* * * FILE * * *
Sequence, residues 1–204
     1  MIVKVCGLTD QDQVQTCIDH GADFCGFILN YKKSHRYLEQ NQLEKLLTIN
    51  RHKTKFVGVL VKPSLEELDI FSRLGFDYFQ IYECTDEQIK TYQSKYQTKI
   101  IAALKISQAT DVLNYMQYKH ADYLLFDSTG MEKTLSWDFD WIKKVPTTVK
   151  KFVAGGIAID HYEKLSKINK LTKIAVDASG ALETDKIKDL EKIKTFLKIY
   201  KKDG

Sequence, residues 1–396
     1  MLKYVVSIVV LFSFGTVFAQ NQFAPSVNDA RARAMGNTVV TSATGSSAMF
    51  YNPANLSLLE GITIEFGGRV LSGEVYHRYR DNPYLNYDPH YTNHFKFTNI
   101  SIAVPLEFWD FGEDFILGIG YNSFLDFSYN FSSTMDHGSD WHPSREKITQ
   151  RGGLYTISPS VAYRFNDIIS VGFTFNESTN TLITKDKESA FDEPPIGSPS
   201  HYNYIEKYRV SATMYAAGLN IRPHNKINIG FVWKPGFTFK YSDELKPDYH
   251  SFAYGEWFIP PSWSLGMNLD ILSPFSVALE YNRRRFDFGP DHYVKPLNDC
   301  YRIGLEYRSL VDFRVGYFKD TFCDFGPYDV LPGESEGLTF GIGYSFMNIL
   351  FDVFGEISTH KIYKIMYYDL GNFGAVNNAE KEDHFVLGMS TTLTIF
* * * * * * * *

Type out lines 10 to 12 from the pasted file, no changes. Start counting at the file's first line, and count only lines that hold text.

   101  SIAVPLEFWD FGEDFILGIG YNSFLDFSYN FSSTMDHGSD WHPSREKITQ
   151  RGGLYTISPS VAYRFNDIIS VGFTFNESTN TLITKDKESA FDEPPIGSPS
   201  HYNYIEKYRV SATMYAAGLN IRPHNKINIG FVWKPGFTFK YSDELKPDYH